Loose Pass

Date published: December 11 2014

Welcome to Loose Pass, our weekly collection of giant-killings, one-sided cruises and tense, rugged epics.

This week we will mostly be concerning ourselves with several different versions of four letters, a little reminder of rugby’s heritage, and some other of the weekend’s talking points…

As outbursts go, it was right up there with Kevin Keegan on the headphones, Roy Keane piling into Mick McCarthy, any and many of Seattle Seahawks’ Richard Sherman’s tirades… but I’ll have to confess, I’ve not seen that from a rugby player before. Administrators maybe, but not from a player.

Nine f-bombs, two c-shots and a couple of little sheets for good measure pock-marked Martin Castrogiovanni’s outburst over his treatment by Leicester Tigers, who sent Toulon home with a bit to think about in a fiery encounter on Sunday.

It was Castrogiovanni’s first return to Leicester since he paid what was apparently a six-figure sum out of his own pocket to get himself out of full-time pine-riding under Richard Cockerill, someone whom it can safely be presumed is not currently on Castrogiovanni’s Christmas card list.

Cockerill’s retort was perhaps not quite as fiery as one might expect – he anticipated a smoothing beer with his detractor this coming weekend in Toulon – but he did have one point as well-made as it was succinct, when he said: “One day he’ll realise that’s just sport.”

What we’ll be absolutely fascinated to find out is whether Cockerill will be quite so sanguine after a trip to the notoriously intimidating home of the French and European Champions with a point to prove.

Anyway, that is speculation. Back to Toulon – and not just Castrogiovanni, but also Delon Armitage, who like Castrogiovanni is being investigated for some choice language, but this directed at some of Leicester’s more lively spectators.

It does seem to be becoming a part of Toulon that is becoming a little wearisome, the endless tirades. Much has come from Mourad Boudjellal, but there’s been not a little from Bernard Laporte, a few bits and bobs from players, and now this.

However amusing Castrogiovanni’s rant is when you listen to it as a grown-up, you’d be hard-pressed to find soccer players stooping to that level of rhetoric. As for Delon Armitage… well, if proven, it would not be the first time he’d been caught out behaving like a yob.

Add to it the occasionally amusing but oft-beyond arrogant snooks cocked at all and sundry by Toulon’s owner. Are we now unmistakeably getting to the stage where a club is considering itself too big for the game – and the players beginning to follow suit? If so, it might be time to throw the book.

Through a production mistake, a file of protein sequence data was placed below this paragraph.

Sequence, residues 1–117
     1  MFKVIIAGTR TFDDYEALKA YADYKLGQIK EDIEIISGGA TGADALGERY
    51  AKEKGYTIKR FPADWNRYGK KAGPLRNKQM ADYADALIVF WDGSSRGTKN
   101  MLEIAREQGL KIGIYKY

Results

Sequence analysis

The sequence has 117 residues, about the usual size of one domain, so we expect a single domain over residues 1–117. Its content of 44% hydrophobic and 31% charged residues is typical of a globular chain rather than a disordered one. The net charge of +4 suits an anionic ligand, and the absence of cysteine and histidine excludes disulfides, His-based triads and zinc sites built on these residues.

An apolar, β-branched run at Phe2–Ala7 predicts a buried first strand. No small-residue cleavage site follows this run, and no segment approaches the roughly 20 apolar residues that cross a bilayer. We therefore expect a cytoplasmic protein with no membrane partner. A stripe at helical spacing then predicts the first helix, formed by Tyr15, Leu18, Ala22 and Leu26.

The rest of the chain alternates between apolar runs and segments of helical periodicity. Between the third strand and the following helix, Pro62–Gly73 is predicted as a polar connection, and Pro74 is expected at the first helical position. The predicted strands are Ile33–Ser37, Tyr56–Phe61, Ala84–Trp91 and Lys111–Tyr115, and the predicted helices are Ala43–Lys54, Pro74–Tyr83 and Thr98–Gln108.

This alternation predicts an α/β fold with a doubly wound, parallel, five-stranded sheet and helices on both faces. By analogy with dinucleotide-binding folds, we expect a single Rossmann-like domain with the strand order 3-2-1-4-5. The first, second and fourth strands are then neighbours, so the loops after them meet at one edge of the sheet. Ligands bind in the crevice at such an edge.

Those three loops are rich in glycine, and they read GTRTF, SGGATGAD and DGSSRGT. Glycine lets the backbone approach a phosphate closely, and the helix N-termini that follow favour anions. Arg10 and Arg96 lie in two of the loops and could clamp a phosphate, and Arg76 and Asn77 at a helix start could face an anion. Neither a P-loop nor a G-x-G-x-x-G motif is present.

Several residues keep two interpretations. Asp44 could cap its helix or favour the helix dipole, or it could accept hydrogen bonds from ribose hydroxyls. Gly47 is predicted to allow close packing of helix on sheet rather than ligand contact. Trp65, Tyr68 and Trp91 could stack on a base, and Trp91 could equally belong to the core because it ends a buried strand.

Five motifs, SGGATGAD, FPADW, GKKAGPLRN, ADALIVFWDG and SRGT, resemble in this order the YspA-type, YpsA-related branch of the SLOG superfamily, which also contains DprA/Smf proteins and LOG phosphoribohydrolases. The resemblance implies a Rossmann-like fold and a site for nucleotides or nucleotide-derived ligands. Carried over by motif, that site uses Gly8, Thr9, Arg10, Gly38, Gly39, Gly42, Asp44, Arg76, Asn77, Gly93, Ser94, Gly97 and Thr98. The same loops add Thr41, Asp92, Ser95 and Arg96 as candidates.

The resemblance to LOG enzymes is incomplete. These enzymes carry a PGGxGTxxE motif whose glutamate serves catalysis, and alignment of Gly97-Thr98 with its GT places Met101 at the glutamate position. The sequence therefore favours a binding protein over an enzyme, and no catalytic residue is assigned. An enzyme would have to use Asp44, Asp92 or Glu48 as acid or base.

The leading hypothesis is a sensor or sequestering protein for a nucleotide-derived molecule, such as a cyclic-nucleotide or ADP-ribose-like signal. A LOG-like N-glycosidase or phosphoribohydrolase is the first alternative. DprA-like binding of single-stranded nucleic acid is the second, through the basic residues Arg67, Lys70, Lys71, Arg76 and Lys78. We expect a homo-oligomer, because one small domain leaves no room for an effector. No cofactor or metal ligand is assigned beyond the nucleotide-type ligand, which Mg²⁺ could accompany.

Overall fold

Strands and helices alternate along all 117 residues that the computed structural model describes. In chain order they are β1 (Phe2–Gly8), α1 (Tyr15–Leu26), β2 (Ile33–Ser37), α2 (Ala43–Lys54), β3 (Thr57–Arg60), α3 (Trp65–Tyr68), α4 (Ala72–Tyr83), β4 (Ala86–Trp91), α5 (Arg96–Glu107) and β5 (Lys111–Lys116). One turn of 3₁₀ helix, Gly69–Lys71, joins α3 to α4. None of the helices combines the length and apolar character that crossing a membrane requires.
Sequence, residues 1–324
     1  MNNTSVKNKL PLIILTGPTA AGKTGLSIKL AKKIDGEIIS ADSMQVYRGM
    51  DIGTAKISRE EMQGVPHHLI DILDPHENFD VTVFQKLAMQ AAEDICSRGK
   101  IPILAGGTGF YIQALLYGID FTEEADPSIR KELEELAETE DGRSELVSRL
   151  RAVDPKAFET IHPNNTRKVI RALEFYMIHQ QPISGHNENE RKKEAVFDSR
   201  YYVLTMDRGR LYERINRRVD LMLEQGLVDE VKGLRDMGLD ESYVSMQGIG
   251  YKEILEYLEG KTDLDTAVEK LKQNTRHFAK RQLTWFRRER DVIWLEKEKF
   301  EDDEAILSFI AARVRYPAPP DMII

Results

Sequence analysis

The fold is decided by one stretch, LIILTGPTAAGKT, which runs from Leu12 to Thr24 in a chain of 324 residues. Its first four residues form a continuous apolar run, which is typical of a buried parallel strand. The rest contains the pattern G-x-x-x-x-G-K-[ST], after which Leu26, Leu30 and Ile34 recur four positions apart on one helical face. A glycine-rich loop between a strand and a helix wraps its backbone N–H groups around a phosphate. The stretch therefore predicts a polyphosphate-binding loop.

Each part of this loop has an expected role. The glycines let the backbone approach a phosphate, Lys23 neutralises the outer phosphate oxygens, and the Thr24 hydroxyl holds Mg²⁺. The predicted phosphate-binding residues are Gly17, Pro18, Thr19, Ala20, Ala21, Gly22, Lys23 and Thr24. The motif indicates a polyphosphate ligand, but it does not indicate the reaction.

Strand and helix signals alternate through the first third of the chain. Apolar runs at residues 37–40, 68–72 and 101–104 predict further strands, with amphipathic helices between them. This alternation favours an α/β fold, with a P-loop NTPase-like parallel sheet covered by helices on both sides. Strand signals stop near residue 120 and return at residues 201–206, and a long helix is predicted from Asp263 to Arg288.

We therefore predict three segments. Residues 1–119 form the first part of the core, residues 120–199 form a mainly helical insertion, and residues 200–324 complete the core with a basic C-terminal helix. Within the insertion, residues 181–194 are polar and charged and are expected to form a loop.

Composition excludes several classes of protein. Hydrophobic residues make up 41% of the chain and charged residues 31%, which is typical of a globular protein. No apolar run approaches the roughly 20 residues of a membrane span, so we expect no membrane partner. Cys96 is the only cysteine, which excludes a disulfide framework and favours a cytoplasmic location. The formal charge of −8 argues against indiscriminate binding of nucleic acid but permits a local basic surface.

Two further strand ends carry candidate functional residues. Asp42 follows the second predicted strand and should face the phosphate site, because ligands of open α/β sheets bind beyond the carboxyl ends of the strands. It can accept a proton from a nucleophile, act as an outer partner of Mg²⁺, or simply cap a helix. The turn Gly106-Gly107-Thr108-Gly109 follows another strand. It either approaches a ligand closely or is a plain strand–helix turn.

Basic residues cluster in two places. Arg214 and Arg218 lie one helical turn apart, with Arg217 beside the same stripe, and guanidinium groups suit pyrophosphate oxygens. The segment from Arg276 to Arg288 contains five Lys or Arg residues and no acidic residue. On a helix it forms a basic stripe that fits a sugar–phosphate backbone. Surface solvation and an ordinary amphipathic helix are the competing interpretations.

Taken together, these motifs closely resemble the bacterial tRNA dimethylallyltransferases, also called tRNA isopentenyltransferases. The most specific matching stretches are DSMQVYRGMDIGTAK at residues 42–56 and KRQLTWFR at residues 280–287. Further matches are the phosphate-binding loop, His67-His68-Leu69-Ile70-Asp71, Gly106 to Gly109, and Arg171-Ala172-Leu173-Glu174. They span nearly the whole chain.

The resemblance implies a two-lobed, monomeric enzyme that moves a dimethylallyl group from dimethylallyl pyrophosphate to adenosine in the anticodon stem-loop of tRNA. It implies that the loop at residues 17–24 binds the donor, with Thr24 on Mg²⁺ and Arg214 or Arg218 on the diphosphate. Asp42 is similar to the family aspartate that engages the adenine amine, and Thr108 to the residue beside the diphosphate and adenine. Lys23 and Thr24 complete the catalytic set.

‘Tis the second week of advent, which must mean it’s the Varsity Match! That rather liquid Thursday afternoon at Twickers where shades of blue tend to degenerate fast into smudges of brown and 30,000-odd students from the two universities do their best to get themselves into a state where the match itself will be only vaguely recalled.

This year’s Varsity Match has been given a memorial agenda, remembering the 55 Blues – 28 from Cambridge and 27 from Oxford – who fell in the First World War a century or so ago.

Oxford Captain Jacob Taylor is seeking to take the dark blues to a fifth successive Varsity crown, which would create two records as Oxford loosehead Lewis Anderson would be winning his own fifth Varsity Match as well.

Taylor may be an Australian Sevens international, but the teams continue to be made of scholars, not professionals, which tends to make the final twenty minutes a breathless slog of pure endeavour rather than the hyper-planned territorial slugfests that marked out many of the weekend’s Hein- sorry, Champions Cup sponsored by Heineken – ties, definitely the aspect that makes it fun. Well worth a watch.

There was a fair bit of press ripping around on Saturday morning in the wake of Montpellier’s disintegration at home to Bath about how little the French seem to care about the Hei- sorry, Champions Cup sponsored by Heineken.

I am not entirely sure I agree with it all. It seems that to be a French team these days means that: a) you must have pots of money and b) you must have snaffled up all the best players in the off-season, thereby rendering you nigh-on invincible in Europe. And if you lose, therefore, you must not be taking it seriously.

It’s a terrible discredit to those teams’ vanquishers. Montpellier’s troubles are internal, something upon which Bath ruthlessly preyed. Lest we forget, Bath did not muster a bonus point.

Wasps beat Castres by a reasonable score – whoopty doo. Castres are last in the Top 14 and Wasps only beat them with a late burst.

Toulouse beat the Pro12 leaders, Clermont became the first French team to win in Munster and Racing Metro were good value for their lead in Swansea before throwing it away.

The biggest surprise of all for me was Toulon’s loss in Leicester – a match I can assure you the French (in name anyway) most certainly did care about.

French teams not caring? I think you will find it is a case of those playing French teams raising their game.

The same cannot be said for the Challenge Cup, but then a lot of things cannot be said for the Challenge Cup at the moment…

Loose Pass compiled by former Planet Rugby Editor Danny Stephens